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UNICEF laments invisible children in Nigeria, only 57.3% registered at birth



The United Nations Children’s Fund (UNICEF) has expressed sadness that only 57.3 percent of Nigerian children have successfully been captured on electronic birth registration.

In light of this, the fund raiser concerns that despite millions of new deliveries in the country daily, millions of newborns and those under five are being denied the right to be captured on national registration.

Chief UNICEF Field Officer, Kano office, Mr. Rahama Rihood Farah, gave the numbers on Friday at a media dialogue on Birth Registration organized by the fund in collaboration with the National Population Commission (NPC) in Kano.

Mr. Farah disclosed that available records projected a population of 7,465,417 million children below one year and 35,597,131 million under-five children by the end of 2023.

He expressed concern that despite the critical need for birth registration to economic planning, millions of Nigerian children are being left out.

The UNICEF boss therefore insisted that if Nigeria must meet SDG 16.9, concerted efforts must be made to deal with outstanding barriers that have restricted universal birth registration.

He added that Birth registration is a significant right that the Nigerian government has covenanted to accord her children to dispense policy and plan for the future.

To harness the potential significance of birth registration, the UNICEF field officer said the fund is supporting the efforts of multi-sectoral partners in scaling up birth registration coverage in Nigeria and investing in safe and innovative technology to facilitate birth registration in Nigeria.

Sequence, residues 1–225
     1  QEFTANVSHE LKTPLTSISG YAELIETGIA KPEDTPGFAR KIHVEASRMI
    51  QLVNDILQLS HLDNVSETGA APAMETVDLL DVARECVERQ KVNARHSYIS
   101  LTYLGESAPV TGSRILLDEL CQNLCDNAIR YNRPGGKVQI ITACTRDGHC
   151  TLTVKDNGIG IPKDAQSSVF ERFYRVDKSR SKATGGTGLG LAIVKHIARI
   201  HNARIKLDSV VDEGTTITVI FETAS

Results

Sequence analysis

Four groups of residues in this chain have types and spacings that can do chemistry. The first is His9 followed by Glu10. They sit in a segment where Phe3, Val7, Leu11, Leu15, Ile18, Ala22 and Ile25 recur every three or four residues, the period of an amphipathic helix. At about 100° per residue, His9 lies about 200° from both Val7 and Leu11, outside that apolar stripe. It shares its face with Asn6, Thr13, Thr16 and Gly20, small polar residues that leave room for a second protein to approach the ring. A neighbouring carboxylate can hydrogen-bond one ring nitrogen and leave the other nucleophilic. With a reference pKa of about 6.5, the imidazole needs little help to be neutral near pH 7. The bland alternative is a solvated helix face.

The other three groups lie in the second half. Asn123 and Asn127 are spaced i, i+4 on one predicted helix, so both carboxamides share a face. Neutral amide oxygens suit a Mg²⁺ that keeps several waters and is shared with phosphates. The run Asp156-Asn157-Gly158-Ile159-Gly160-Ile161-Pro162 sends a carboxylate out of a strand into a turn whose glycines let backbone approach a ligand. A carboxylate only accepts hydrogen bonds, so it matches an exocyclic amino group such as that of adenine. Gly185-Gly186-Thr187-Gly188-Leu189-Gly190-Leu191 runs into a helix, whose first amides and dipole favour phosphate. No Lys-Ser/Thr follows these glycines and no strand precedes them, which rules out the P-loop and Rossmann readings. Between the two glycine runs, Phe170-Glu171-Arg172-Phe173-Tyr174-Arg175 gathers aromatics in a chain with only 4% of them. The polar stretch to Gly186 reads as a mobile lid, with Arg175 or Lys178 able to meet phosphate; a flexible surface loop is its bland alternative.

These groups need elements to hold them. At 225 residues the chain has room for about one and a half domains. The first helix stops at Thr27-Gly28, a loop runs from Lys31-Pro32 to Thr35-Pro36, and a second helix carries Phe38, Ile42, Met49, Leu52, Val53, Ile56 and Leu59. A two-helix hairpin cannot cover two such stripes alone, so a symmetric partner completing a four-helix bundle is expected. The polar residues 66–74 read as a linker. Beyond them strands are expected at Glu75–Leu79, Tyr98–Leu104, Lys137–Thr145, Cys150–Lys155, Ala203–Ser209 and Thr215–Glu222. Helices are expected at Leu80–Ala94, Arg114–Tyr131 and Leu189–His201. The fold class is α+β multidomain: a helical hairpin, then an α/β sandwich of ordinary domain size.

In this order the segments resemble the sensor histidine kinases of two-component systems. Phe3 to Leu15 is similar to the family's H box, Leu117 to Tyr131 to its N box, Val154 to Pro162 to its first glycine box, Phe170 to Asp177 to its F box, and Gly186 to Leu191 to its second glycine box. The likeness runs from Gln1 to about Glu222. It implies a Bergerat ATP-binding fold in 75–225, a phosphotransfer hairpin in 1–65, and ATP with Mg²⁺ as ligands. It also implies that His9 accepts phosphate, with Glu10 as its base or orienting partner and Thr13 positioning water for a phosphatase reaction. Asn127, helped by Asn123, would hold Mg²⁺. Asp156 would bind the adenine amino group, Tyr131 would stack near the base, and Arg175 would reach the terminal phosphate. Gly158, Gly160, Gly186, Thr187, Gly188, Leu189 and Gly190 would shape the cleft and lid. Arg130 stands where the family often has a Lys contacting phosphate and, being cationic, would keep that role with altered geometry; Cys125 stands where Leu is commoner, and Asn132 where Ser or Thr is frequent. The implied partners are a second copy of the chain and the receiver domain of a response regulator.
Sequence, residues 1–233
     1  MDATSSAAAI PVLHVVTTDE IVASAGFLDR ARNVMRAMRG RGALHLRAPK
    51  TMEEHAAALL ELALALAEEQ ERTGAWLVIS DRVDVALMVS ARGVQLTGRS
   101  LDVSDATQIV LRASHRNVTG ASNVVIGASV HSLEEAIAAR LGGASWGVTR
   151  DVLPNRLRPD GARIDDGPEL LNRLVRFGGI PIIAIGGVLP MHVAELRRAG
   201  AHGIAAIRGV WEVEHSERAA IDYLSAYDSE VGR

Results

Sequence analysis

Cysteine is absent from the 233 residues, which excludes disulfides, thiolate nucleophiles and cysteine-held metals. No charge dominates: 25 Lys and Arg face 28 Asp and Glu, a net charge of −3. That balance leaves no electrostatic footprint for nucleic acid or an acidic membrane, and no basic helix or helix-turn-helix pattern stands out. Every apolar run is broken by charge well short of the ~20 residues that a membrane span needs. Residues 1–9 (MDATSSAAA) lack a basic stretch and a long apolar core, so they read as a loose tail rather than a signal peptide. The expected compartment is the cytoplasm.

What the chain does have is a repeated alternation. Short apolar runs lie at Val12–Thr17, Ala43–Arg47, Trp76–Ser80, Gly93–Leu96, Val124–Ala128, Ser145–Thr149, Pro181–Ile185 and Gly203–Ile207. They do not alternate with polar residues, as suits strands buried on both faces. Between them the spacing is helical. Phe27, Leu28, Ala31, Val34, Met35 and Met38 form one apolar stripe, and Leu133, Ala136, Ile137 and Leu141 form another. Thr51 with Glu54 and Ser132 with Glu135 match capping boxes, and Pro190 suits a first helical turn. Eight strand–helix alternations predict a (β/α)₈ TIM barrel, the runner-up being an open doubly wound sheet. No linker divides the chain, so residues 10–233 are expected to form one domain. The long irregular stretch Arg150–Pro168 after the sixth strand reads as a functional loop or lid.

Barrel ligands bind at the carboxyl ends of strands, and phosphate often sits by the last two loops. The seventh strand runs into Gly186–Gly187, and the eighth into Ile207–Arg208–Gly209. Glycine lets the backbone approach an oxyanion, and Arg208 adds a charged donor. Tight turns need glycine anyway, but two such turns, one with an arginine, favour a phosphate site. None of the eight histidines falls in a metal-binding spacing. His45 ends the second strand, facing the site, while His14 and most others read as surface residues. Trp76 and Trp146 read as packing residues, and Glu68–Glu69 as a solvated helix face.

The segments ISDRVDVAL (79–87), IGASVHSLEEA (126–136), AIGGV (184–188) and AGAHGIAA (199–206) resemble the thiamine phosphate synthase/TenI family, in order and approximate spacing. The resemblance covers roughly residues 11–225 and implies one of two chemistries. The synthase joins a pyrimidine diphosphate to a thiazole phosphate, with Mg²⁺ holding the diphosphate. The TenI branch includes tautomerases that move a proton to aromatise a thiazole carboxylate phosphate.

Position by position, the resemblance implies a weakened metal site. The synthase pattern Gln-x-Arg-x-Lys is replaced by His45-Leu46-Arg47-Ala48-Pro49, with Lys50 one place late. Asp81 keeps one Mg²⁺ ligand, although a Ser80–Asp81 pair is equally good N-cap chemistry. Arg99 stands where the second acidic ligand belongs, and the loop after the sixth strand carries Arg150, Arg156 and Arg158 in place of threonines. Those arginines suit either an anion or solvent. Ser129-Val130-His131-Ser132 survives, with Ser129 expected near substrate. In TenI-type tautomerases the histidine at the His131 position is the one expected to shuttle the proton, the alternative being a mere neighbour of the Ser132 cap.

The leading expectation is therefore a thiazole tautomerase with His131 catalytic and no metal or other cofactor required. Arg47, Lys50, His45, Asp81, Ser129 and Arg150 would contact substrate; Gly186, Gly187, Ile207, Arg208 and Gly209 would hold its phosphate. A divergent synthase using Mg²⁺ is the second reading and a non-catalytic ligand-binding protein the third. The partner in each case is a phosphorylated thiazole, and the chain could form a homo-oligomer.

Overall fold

He urged media participants drawn from Kano, Jigawa, and Katsina States to help promote and create awareness on birth registration through their news stories, features, and programs on all media platforms.

State director, National Population Commission (NPC), Alh. Ismaila Hassan Dogo disclosed that the commission targeted one million children on its electronic birth registration in Kano before the end of 2023.

Although the director pointed out the frantic efforts of the commission to meet its target with 236 registration centers across the 44 local government areas of the state, he lamented inadequate manpower and lack of awareness among major predicaments confronting the exercise.

Communication officer, of UNICEF, Kano office, Mr. Samuel Kaalu, stressed that the essence of the media dialogue was to keep journalists abreast of the significance of e-birth registration.

Mr. Kaalu said the media practitioners, at the end of the dialogue, are expected to educate Kano residents on the significance of the exercise and the need to register their children with the National Population Commission (NPC) recognized under the law to carry out the exercise.

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